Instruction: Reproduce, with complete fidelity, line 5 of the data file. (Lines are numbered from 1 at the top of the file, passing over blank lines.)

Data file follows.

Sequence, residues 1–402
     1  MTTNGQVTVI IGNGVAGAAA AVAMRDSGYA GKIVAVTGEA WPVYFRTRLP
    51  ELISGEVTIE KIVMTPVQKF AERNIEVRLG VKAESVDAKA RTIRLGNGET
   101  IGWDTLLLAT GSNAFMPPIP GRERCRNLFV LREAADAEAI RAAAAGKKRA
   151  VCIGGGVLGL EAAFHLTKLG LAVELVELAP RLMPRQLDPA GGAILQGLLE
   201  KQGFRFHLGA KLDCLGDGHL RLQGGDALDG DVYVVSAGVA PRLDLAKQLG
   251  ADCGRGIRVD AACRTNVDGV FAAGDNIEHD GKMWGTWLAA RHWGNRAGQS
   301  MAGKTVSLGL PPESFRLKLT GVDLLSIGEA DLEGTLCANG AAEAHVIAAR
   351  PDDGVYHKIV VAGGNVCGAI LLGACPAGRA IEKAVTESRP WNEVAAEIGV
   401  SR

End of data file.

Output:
   151  VCIGGGVLGL EAAFHLTKLG LAVELVELAP RLMPRQLDPA GGAILQGLLE